Banks have been complaining bitterly that the original deadline of January 2015 was impossible to meet, given their current lending targets and the ongoing global downturn. Last night, the Committee agreed to give the banks a little wiggle room: the new ‘liquidity coverage ratio’ will be phased in from 2015, when banks will be expected to hold around 60% of the total buffer and the rule will only take full effect four years later, when the 100% buffer will be enforced.
The Committee has also agreed to be more flexible on the kinds of assets that banks can shore up to create this buffer. The new rule of thumb is that they simply need to be ‘easily sellable’, and shares and mortgage-backed securities will now count towards the total.
But regulators haven’t thrown the bankers a bone out of the goodness of their hearts: with the ongoing turmoil in the global economy, the Committee agreed that the original target ran the risk of throttling lending to consumers and businesses in the short term.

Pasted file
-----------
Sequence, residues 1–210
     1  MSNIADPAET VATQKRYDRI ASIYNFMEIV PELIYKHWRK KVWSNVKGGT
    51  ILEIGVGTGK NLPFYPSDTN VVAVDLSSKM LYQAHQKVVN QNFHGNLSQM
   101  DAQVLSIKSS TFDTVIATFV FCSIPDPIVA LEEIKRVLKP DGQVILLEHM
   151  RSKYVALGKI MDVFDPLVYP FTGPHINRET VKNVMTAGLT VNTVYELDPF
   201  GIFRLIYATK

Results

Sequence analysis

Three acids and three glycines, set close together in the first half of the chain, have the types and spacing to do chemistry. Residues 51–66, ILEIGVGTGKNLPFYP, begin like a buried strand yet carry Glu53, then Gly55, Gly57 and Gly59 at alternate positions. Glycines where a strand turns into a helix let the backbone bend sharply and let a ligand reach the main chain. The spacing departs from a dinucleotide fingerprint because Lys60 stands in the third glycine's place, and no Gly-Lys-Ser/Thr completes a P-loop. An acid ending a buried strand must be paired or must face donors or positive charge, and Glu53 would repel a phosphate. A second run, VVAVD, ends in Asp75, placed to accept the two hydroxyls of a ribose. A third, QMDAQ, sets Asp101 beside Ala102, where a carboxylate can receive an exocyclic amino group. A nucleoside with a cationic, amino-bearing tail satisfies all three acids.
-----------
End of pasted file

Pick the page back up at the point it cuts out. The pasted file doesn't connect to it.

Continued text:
‘By introducing a phased timetable for the introduction of the liquidity coverage ratio, we will ensure that the new liquidity standard will in no way hinder the ability of the global banking system to finance a recovery,’ says outgoing Bank of England governor and head of the Oversight Committee Mervyn King.
While this is certainly a coup for the banks, BBC business editor Robert Peston warns that too much flexibility could bring us back to square one. By allowing banks to include assets like corporate bonds, we’re veering away from the original plan – tangible assets only, please. ‘In particular,’ he says, ‘the inclusion of mortgage-backed securities will be seen by some as odd as these proved to be wholly illiquid and unsellable in the summer of 2007.’ One step forward, two steps backwards, Merv?